Businesses also hit in the South Carolina tax hack

It was originally thought that only individuals had been affected by the breach. On Tuesday, however, the forensic investigating consultants, Mandiant, discovered that potentially more than half a million businesses could also have had their tax details stolen (the exact number is still unknown because of possible duplicates within the system). Dun & Bradstreet and Experian are now offering life-time business-protection services for free to affected South Carolina businesses. A similar Experian service for consumers is for one-year only. 

While Mandiant continues to investigate the breach, governor Nikki Haley’s efforts are concentrated on getting people signed up to Experian’s ProtectMyID program. It cannot be done centrally by the state because of legal privacy issues. On Thursday she appealed to her cabinet members to use their departments to get the information out to the public. “If you look at the numbers, the call numbers and the enrollee numbers, it's starting to come together,” she said yesterday. By Thursday afternoon thre had been 653,000 calls to the identity protection hotline, and 521,000 enrollees.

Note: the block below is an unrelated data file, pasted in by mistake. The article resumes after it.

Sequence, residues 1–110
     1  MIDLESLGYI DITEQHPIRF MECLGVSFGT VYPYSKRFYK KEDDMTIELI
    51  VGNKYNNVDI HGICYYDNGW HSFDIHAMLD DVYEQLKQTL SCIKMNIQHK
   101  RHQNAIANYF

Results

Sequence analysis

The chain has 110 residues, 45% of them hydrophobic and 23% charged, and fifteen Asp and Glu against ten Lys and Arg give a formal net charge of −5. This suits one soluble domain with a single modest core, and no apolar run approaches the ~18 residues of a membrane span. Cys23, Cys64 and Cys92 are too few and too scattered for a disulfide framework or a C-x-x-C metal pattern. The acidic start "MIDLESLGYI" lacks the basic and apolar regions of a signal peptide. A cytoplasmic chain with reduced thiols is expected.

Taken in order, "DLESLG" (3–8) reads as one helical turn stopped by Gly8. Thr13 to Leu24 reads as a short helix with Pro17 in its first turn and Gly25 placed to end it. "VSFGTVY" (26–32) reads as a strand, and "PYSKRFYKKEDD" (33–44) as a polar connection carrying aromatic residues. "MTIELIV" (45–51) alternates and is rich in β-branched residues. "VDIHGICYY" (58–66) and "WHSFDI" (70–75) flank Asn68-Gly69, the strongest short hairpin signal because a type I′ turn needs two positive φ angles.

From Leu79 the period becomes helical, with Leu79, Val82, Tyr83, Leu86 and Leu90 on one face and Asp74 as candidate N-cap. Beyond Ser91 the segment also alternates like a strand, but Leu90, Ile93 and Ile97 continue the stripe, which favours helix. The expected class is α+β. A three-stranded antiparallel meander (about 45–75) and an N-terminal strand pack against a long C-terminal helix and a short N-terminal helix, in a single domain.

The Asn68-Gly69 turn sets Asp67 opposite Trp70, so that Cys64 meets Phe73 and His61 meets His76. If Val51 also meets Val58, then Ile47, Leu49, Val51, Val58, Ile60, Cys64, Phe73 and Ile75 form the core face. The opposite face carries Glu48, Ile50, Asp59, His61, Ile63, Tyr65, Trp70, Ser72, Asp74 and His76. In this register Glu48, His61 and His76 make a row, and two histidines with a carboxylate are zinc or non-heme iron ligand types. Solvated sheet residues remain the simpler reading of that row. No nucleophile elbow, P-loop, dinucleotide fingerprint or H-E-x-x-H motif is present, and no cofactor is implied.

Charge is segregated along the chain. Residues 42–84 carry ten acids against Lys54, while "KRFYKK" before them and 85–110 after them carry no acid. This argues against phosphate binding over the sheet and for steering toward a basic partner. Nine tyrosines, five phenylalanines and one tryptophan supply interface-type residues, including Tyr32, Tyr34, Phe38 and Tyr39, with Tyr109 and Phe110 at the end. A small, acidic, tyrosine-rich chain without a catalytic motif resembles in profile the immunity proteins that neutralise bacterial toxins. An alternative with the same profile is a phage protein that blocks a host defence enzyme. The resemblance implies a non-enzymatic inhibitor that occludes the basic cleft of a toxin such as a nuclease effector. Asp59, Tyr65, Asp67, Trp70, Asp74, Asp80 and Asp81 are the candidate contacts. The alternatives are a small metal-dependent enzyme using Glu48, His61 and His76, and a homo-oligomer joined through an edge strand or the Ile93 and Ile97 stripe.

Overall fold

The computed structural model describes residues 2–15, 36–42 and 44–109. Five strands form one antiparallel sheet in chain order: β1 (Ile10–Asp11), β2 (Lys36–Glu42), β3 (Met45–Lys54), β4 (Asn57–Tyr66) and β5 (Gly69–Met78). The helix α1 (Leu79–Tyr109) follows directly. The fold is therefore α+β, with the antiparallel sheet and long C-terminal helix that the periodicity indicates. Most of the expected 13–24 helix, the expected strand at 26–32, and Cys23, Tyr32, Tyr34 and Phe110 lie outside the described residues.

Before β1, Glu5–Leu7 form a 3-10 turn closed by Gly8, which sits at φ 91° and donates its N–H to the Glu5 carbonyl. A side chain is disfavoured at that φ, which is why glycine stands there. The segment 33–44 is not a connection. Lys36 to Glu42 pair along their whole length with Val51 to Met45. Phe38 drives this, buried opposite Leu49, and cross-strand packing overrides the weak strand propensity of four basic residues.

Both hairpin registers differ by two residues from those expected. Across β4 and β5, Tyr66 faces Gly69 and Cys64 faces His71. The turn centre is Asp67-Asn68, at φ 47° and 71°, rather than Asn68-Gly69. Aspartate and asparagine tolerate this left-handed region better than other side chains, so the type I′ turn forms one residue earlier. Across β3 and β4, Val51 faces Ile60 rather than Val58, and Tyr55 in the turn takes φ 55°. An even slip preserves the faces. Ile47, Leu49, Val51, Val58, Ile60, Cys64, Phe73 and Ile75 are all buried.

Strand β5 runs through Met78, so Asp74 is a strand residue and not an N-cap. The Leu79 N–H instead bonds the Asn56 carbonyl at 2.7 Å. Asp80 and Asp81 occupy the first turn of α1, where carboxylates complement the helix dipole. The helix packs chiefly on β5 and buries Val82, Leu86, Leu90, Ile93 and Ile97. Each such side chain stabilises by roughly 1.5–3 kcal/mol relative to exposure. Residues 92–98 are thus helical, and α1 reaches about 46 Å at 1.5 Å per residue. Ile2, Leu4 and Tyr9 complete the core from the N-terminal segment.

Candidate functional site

Details and method of the hack are still not public. It is believed that that overseas hackers used state-approved credentials to get into the system, and that the Department of Revenue only learnt of the breach after being informed by the Secret Service on 10 October. “I don't think we're allowed to talk about that at all,” Haley said, suggesting later that attacks are unpreventable: “If somebody wants to get in, they're getting in.”

Now, however, she has another worry. Former state Sen. John Hawkins has filed a suit against Haley, James Etter (the Revenue Department director) and the Revenue Department on behalf of a 60 year-old semi-retired factory supervisor. Hawkins plans to make it a class action suit. He claims that the state could have done more to protect the data, and should have revealed the breach sooner. Haley dismissed the suit. “There is a trial lawyer with a hand out and a tissue ready at any crisis, and he has just proven that,” she said.

Nevertheless, the fact that the vast majority of the stolen data was unencrypted, and that the state is now encrypting tax data, will be a concern.

What’s hot on Infosecurity Magazine?